Matthew 12:43
New International Version
"When an impure spirit comes out of a person, it goes through arid places seeking rest and does not find it.

New Living Translation
"When an evil spirit leaves a person, it goes into the desert, seeking rest but finding none.

English Standard Version
“When the unclean spirit has gone out of a person, it passes through waterless places seeking rest, but finds none.

Berean Study Bible
When an unclean spirit comes out of a man, it passes through arid places seeking rest and does not find it.

Berean Literal Bible
Now when the unclean spirit is gone out from the man, it passes through waterless places seeking rest, and does not find it.

New American Standard Bible
"Now when the unclean spirit goes out of a man, it passes through waterless places seeking rest, and does not find it.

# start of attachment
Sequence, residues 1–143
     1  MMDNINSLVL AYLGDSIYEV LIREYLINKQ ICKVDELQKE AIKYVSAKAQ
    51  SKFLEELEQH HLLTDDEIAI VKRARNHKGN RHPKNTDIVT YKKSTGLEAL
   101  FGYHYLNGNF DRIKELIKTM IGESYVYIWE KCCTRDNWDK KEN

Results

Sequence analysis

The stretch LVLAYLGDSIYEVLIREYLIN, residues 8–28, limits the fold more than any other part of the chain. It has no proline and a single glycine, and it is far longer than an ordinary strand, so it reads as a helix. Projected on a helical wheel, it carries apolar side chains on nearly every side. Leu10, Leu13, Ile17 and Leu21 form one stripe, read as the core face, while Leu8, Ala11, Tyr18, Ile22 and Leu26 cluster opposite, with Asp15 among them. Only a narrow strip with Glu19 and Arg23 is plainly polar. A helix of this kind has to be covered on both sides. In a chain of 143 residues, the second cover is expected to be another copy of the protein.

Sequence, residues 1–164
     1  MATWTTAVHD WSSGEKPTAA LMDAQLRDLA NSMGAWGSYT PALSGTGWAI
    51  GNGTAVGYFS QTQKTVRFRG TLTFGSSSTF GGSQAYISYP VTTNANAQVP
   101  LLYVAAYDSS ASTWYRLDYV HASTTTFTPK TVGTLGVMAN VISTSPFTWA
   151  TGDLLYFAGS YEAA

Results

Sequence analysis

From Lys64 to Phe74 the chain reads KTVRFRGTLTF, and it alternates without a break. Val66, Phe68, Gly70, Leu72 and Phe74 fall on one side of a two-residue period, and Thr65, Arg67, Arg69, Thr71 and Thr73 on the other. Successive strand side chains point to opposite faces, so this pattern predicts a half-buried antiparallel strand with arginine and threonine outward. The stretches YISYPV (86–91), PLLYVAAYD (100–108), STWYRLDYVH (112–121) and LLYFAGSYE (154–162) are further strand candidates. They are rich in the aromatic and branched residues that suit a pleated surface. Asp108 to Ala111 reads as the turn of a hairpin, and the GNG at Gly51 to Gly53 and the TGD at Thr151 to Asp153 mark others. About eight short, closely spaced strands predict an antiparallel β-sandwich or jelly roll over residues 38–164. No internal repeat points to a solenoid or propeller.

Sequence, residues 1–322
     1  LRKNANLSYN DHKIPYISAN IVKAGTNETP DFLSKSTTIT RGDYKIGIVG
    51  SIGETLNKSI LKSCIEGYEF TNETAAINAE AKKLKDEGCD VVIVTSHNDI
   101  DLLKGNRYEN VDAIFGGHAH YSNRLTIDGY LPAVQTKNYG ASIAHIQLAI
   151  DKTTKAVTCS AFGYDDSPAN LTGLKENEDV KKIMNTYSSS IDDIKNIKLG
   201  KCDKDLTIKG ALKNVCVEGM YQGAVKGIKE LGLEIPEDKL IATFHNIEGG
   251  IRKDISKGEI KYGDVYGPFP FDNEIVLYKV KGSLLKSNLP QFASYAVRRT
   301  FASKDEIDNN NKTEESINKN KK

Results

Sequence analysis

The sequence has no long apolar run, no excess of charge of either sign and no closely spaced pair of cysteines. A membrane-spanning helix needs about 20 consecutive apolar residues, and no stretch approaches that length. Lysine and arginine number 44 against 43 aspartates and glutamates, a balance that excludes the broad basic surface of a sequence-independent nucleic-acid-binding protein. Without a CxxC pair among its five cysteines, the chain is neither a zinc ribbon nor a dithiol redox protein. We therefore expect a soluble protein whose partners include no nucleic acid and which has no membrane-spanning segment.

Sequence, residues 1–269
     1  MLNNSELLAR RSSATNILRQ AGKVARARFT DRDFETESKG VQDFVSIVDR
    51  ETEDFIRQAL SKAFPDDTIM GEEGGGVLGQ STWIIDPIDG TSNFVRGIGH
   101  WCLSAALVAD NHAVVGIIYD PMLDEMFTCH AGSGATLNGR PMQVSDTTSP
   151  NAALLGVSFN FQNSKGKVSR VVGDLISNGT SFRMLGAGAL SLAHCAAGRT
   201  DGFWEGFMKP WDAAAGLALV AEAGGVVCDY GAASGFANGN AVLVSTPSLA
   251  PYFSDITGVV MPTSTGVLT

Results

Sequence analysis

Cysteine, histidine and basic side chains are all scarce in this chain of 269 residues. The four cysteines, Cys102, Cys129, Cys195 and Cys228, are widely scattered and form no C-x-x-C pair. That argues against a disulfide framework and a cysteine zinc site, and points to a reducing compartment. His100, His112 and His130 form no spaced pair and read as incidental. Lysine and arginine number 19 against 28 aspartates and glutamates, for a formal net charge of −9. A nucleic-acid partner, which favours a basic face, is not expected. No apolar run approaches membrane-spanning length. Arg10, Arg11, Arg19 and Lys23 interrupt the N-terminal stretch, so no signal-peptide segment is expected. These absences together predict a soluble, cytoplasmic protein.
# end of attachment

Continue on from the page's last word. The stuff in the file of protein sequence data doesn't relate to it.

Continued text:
King James Bible
When the unclean spirit is gone out of a man, he walketh through dry places, seeking rest, and findeth none.

Christian Standard Bible
"When an unclean spirit comes out of a person, it roams through waterless places looking for rest but doesn't find any.

Contemporary English Version
When an evil spirit leaves a person, it travels through the desert, looking for a place to rest. But when the demon doesn't find a place,

Good News Translation
"When an evil spirit goes out of a person, it travels over dry country looking for a place to rest. If it can't find one,

Holman Christian Standard Bible
"When an unclean spirit comes out of a man, it roams through waterless places looking for rest but doesn't find any.

International Standard Version
"Whenever an unclean spirit goes out of a person, it wanders through waterless places looking for a place to rest, but finds none.

NET Bible
"When an unclean spirit goes out of a person, it passes through waterless places looking for rest but does not find it.

New Heart English Bible
But the unclean spirit, when he is gone out of the person, passes through waterless places, seeking rest, and does not find it.

Aramaic Bible in Plain English